Energy Efficiency, GHG Emissions - March 29, 2021
Frito-Lay cuts fleet GHG emissions in half, reduces diesel in Calif.
Frito-Lay, a division of PepsiCo, Inc., announced progress in the transformation of its Modesto, Calif. manufacturing site, reducing absolute GHG emissions of its fleet by more than half (53%) and lowering fleet diesel usage by 78%.
The 500,000 square foot site has also converted to 100% renewable electricity for direct operations through a combination of on-site generation and RECS, partly as a result of PepsiCo’s achieving 100% renewable electricity in the U.S. in January 2021.
"Frito-Lay and PepsiCo are dedicated to reducing our environmental impact, especially in the more than 200 communities where we operate," said Steve Hanson, senior director, fleet operations, engineering and sustainability for Frito-Lay, in a statement. "We anticipate overall absolute GHG emissions will be reduced by 5,480 metric tons annually and diesel usage will be eliminated entirely from the Modesto fleet operations when fully implemented, the equivalent of removing nearly 13 million miles driven by passenger cars."
Frito-Lay has replaced all existing diesel-powered fleet equipment with zero-emission (ZE) and near-zero emission (NZE) technologies at the Modesto facility. The equipment and infrastructure at the site include 60 tractors, box trucks, yard trucks, or forklifts powered by electric, lithium-ion technologies, or natural gas with renewable attributes. Another 15 electric tractors will be added later this year. Infrastructure to support the project incorporates an adjacent natural gas station with renewable characteristics, solar carports, battery storage, truck charging systems, and employee electric vehicle charging stations.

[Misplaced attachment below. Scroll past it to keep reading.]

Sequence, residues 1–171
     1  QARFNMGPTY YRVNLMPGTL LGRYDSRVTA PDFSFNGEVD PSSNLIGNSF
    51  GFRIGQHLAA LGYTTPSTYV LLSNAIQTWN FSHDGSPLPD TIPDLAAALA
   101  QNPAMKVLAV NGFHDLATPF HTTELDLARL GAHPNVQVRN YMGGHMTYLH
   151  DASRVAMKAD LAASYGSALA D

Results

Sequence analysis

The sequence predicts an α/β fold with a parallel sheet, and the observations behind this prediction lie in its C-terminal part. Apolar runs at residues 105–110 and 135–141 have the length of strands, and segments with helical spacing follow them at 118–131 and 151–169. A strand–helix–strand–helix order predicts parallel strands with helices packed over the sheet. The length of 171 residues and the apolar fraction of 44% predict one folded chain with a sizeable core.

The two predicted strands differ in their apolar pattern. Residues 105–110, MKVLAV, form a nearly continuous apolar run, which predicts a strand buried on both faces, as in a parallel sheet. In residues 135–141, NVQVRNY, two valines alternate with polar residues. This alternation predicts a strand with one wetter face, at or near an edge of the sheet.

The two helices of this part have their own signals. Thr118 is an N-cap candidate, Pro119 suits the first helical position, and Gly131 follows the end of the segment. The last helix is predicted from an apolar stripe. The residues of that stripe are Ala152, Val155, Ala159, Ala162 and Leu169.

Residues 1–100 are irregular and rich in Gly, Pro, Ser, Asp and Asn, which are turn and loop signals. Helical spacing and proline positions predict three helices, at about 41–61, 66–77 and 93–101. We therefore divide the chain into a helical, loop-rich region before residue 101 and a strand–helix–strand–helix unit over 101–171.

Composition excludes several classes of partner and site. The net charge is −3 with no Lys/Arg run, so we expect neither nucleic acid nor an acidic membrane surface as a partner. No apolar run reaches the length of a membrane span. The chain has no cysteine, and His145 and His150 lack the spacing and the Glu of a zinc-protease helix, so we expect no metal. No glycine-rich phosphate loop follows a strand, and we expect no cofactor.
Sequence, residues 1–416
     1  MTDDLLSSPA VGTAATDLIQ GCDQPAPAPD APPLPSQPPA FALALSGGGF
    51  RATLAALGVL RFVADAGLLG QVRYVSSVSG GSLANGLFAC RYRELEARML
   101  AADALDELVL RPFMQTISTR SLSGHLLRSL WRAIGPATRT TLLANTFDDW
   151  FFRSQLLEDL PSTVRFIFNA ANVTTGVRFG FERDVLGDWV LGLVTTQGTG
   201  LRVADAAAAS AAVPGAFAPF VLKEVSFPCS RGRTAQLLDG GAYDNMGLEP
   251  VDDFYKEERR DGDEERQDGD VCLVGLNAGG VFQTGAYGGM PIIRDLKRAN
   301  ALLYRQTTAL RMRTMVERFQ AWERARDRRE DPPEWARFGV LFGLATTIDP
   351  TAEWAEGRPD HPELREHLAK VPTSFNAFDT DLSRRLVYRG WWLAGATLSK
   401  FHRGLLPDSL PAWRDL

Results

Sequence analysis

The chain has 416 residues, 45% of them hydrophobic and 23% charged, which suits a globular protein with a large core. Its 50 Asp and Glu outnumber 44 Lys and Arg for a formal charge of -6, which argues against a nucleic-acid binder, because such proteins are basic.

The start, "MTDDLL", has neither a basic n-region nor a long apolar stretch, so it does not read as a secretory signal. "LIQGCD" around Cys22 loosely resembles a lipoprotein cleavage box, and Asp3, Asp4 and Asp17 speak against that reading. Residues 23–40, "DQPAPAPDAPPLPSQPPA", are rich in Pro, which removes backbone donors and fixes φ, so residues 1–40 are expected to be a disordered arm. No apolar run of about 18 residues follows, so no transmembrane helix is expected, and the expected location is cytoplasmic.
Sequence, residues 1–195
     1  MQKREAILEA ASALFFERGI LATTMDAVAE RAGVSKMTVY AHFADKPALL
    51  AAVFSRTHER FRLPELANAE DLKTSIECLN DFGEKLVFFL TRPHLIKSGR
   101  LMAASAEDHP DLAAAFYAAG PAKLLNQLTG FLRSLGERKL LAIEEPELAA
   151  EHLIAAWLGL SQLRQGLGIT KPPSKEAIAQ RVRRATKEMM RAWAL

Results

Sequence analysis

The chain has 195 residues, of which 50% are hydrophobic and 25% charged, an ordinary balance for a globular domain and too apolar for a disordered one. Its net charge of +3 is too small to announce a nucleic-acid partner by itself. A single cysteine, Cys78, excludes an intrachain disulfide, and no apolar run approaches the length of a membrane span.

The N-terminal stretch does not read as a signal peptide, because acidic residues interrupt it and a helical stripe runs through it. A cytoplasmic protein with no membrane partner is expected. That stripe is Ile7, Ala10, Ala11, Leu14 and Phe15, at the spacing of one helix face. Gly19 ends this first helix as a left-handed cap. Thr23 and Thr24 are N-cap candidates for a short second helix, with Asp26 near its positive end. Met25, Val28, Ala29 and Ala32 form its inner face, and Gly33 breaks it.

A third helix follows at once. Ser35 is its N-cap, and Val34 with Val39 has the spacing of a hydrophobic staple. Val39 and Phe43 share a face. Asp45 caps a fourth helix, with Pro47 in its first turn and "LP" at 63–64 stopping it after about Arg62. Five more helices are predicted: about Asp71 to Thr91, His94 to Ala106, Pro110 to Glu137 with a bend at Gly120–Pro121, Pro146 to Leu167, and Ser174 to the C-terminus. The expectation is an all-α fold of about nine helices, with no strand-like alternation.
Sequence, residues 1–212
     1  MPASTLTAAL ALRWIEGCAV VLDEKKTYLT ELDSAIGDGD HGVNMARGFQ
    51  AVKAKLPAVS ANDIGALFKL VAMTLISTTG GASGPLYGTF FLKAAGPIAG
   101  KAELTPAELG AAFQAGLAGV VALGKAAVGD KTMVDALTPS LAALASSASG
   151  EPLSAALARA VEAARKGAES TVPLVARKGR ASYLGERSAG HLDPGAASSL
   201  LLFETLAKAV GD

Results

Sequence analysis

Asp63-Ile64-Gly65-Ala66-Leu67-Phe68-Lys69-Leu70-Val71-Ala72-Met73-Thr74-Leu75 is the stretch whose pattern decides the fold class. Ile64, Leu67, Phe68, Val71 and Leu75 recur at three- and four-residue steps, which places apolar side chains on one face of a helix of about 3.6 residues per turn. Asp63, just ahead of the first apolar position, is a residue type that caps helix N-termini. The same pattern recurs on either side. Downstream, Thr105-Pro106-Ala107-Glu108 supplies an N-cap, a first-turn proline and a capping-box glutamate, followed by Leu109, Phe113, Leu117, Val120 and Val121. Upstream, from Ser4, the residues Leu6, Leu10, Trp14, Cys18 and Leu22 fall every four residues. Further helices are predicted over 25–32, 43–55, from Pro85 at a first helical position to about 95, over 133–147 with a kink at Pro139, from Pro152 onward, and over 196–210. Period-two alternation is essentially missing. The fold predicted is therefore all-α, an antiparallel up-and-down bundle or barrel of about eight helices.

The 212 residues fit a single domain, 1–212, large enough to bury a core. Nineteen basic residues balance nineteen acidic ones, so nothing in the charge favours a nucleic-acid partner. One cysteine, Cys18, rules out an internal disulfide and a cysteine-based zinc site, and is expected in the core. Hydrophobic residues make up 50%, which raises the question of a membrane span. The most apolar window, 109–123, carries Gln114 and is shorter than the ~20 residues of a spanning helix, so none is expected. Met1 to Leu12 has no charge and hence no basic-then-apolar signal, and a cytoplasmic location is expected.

The $30.8M project comes from a partnership with the San Joaquin Valley Air Pollution Control District (SJVAPCD). It received a grant from California Climate Investments (CCI), a statewide program that puts billions of Cap-and-Trade dollars to work reducing GHG emissions, strengthening the economy, and improving public health and the environment, particularly in disadvantaged communities.